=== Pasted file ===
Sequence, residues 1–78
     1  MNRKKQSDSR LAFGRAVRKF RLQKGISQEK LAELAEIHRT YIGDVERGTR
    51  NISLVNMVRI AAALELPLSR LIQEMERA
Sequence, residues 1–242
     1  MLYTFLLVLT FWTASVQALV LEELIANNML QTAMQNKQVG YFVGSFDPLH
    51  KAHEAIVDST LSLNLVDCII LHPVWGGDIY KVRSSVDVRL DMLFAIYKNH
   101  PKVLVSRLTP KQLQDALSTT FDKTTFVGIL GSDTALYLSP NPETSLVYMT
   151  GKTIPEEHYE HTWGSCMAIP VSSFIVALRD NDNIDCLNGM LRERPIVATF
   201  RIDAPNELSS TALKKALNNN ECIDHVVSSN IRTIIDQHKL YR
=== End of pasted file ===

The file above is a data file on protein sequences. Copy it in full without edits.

Sequence, residues 1–78
     1  MNRKKQSDSR LAFGRAVRKF RLQKGISQEK LAELAEIHRT YIGDVERGTR
    51  NISLVNMVRI AAALELPLSR LIQEMERA
Sequence, residues 1–242
     1  MLYTFLLVLT FWTASVQALV LEELIANNML QTAMQNKQVG YFVGSFDPLH
    51  KAHEAIVDST LSLNLVDCII LHPVWGGDIY KVRSSVDVRL DMLFAIYKNH
   101  PKVLVSRLTP KQLQDALSTT FDKTTFVGIL GSDTALYLSP NPETSLVYMT
   151  GKTIPEEHYE HTWGSCMAIP VSSFIVALRD NDNIDCLNGM LRERPIVATF
   201  RIDAPNELSS TALKKALNNN ECIDHVVSSN IRTIIDQHKL YR